Assistant U.S. Health Secretary Rachel L. Levine ’79 Discusses Pandemic-Fueled Public Health Challenges


U.S. Department of Health and Human Services assistant health secretary Rachel L. Levine ’79 discussed public health challenges in the age of a pandemic at a forum event hosted by the Kennedy School’s Institute of Politics on Tuesday evening.

The virtual forum — moderated by Kennedy School Professor of Public Policy Marcella M. Alsan ’99 — was held in celebration of BGLTQ History Month. Levine made history in March as the first openly transgender federal official to be confirmed by the U.S. Senate. Before joining the Biden administration, Levine served as Physician General and Secretary of Health for the state of Pennsylvania.

The conversation began with Alsan asking Levine about the role of HHS in addressing social determinants of health “as a key driver of health disparities” in the midst of the pandemic.

“The ability to have an education — that is a health issue. Housing is a health issue. The environment is a health issue. Transportation … that’s a health issue,” Levine said. “Working with the social determinants of health and working for health equity is a priority ... for the administration.”


Alsan steered the conversation toward Levine’s policy views on the opioid epidemic, an issue that was at the center of her agenda as Pennsylvania’s Secretary of Health.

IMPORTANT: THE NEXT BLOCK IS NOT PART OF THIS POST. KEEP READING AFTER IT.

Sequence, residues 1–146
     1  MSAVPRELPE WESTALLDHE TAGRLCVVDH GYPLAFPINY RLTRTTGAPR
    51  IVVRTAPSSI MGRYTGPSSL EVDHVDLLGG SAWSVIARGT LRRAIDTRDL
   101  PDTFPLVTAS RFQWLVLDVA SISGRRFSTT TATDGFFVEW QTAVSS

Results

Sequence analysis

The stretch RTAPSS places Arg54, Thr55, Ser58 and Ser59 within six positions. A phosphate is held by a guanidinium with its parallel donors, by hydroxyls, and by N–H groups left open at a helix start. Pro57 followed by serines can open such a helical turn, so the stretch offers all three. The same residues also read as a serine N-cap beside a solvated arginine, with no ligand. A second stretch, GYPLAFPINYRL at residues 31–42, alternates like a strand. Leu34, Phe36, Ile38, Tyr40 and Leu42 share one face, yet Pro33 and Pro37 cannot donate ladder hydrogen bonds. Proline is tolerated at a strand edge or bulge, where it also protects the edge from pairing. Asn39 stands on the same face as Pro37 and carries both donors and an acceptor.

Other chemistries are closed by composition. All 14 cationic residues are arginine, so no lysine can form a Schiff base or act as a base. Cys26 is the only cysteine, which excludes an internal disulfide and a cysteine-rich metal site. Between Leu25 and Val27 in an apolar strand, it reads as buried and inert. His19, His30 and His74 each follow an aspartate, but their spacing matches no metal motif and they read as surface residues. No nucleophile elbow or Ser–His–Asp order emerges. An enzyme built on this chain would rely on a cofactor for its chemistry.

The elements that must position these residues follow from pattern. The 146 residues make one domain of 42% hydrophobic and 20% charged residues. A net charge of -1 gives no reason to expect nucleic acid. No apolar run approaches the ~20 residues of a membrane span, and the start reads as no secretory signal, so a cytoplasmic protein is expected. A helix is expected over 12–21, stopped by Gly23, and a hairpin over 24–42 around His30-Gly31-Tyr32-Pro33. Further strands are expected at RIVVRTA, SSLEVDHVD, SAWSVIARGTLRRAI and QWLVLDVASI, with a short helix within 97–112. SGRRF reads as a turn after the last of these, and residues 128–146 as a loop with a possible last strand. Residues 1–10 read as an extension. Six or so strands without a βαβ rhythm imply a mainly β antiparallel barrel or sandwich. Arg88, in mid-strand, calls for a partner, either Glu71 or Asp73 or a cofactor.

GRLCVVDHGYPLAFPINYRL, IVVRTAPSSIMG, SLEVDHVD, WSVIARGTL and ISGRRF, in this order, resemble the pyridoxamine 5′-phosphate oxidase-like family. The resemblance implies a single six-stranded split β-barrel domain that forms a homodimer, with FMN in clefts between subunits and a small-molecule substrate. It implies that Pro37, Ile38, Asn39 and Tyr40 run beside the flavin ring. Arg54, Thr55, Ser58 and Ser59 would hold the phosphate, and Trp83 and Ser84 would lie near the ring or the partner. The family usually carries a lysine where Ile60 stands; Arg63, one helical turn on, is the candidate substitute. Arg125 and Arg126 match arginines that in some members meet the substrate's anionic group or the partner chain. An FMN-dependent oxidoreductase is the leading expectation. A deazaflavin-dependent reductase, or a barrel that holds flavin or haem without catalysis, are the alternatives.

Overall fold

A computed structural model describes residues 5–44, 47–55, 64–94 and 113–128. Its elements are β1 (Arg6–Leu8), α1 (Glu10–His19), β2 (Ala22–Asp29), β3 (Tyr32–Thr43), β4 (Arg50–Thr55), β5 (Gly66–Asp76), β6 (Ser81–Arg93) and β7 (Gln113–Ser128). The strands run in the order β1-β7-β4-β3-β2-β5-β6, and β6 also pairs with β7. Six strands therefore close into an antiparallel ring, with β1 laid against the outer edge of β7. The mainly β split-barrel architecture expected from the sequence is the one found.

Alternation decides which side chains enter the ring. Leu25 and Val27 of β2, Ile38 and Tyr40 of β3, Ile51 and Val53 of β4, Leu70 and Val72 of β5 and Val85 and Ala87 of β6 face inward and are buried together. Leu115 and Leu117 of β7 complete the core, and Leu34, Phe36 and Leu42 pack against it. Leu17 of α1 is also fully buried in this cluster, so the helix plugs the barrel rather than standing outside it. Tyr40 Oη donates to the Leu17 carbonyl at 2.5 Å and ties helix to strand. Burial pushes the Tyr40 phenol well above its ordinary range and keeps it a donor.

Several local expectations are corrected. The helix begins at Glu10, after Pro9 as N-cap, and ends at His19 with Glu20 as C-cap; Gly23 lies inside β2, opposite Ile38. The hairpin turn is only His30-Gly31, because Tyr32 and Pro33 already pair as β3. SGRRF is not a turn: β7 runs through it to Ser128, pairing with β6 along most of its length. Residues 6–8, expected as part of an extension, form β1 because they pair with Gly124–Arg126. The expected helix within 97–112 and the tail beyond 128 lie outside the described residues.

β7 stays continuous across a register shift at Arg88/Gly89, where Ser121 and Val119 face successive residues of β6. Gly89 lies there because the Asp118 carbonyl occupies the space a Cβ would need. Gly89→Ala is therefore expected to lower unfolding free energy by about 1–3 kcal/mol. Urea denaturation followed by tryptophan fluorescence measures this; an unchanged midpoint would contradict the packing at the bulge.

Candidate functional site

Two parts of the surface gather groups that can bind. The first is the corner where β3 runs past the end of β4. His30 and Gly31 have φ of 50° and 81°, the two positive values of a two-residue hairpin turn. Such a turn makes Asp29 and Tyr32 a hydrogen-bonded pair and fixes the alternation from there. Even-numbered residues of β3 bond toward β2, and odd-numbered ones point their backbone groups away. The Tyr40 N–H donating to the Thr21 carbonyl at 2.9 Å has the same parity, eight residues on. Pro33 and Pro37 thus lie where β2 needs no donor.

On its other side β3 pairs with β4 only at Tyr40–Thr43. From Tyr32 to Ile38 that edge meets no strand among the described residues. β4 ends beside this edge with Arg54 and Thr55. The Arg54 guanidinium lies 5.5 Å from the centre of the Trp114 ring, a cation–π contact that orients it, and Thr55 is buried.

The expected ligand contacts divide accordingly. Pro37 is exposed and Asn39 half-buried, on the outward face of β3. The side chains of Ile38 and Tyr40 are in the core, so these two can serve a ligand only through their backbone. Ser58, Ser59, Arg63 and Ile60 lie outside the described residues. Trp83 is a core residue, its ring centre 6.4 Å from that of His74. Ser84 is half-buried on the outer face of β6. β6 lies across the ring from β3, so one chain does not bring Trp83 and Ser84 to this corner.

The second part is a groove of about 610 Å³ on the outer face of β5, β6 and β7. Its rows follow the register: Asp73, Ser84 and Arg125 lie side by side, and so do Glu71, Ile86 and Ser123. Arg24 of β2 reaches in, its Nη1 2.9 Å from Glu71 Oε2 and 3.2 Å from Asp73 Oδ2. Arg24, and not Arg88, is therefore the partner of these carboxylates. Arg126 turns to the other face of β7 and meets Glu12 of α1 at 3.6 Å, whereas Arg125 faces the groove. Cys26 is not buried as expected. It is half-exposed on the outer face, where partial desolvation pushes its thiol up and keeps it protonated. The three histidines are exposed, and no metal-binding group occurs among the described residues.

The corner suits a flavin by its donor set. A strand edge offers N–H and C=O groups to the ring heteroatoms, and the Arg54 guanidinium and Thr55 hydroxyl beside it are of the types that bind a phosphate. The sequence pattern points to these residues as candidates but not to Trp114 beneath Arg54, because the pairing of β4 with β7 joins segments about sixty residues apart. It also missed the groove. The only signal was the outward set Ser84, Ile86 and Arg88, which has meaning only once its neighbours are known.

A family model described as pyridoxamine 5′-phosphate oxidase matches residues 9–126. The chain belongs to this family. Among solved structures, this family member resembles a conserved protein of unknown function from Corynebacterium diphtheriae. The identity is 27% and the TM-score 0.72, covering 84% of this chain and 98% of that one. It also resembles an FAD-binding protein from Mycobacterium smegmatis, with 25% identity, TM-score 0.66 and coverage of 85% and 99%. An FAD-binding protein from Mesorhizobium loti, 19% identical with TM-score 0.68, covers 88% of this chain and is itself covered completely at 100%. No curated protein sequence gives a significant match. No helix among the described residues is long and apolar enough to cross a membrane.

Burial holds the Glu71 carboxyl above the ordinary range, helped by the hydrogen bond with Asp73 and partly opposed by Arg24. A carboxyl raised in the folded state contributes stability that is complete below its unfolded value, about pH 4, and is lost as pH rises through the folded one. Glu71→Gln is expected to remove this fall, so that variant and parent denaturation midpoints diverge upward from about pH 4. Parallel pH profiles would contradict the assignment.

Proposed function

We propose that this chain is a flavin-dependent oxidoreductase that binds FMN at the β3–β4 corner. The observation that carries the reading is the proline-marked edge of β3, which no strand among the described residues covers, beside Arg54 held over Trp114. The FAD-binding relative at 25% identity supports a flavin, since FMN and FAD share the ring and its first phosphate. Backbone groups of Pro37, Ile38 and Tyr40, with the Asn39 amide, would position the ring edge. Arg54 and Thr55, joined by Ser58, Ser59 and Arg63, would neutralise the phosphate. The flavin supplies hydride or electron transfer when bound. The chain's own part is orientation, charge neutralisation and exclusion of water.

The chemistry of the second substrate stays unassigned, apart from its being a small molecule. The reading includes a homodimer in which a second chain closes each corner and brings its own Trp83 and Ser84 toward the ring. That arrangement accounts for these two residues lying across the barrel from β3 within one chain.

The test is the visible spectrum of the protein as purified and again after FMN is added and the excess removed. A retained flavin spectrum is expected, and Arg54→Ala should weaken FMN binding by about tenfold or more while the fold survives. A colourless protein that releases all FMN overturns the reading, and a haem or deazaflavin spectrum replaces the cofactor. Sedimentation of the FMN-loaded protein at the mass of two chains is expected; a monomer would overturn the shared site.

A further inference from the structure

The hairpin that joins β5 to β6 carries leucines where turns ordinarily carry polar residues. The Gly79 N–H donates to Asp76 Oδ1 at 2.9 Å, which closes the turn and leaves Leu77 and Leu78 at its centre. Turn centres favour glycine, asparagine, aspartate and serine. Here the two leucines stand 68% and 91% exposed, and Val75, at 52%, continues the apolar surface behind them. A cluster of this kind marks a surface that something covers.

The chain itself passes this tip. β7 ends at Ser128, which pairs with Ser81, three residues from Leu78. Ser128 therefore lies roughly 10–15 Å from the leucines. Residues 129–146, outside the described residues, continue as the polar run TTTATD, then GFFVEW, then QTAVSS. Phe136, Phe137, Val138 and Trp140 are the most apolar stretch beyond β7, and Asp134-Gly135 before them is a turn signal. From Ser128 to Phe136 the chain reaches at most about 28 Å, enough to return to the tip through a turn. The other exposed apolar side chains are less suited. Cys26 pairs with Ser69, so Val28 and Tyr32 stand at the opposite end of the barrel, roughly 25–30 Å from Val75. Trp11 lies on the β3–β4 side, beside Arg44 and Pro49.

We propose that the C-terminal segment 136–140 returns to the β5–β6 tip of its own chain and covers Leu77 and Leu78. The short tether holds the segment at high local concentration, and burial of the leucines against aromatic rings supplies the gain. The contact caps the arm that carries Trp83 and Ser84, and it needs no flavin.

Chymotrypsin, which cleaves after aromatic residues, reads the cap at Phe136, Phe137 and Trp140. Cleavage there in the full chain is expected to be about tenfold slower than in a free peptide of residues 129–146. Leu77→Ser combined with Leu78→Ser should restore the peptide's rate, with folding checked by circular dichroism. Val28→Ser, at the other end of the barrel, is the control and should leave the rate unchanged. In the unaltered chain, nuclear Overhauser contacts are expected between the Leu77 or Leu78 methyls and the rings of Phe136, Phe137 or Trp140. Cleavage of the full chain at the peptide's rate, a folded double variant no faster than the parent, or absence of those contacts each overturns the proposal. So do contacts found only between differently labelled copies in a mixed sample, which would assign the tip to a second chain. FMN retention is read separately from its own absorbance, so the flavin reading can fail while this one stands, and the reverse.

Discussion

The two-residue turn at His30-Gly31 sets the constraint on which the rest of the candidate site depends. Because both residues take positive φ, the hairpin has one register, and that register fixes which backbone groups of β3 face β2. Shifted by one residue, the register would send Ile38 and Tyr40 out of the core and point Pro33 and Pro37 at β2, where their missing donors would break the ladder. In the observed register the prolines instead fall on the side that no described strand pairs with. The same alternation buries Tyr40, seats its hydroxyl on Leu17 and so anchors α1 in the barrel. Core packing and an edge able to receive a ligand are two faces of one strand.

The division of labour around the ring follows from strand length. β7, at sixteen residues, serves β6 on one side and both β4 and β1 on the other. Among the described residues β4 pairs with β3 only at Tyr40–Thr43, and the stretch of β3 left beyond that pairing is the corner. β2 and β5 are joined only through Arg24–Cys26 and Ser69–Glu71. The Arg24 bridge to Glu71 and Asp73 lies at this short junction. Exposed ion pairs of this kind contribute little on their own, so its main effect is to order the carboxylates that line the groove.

“We tend to look at any of these things like overdoses as diseases of despair, and, unfortunately, we have seen more despair, more loneliness and isolation during Covid-19,” Levine said.

Levine explained that she believes public health policy for the opioid epidemic should be centered on four domains — prevention, harm reduction, treatment, and recovery — and supported this claim by bridging the connection between opioid addiction, mental health, and crime.

“We don’t want to incarcerate someone if primarily what they’re suffering from is the disease of addiction, and they have a nonviolent crime. There are other alternatives to incarcerating that person,” Levine said. “You can get them into treatment and into a drug court so they can be monitored as an outpatient, and you can avoid the incarceration in the first place.”

Levine said the pandemic has had an “exacerbated” negative effect on youth mental health, which has sparked innovative initiatives from public health officials.

“One thing that has been shown to be very useful, particularly with teens are suicide hotlines that involve texting,” Levine said. “Using chat or text for suicide hotlines is absolutely necessary if you’re going to make those services available to teenagers.”

Addressing health care challenges faced by the BGLTQ community, Levine said she remains hopeful about the future of health equity.

“It’s amazing that we have a president that champions us,” Levine said. “He is committed to advancing the state and federal efforts to allow LGBTQ+ people to have full access to medical care and really, full access to their civil rights.”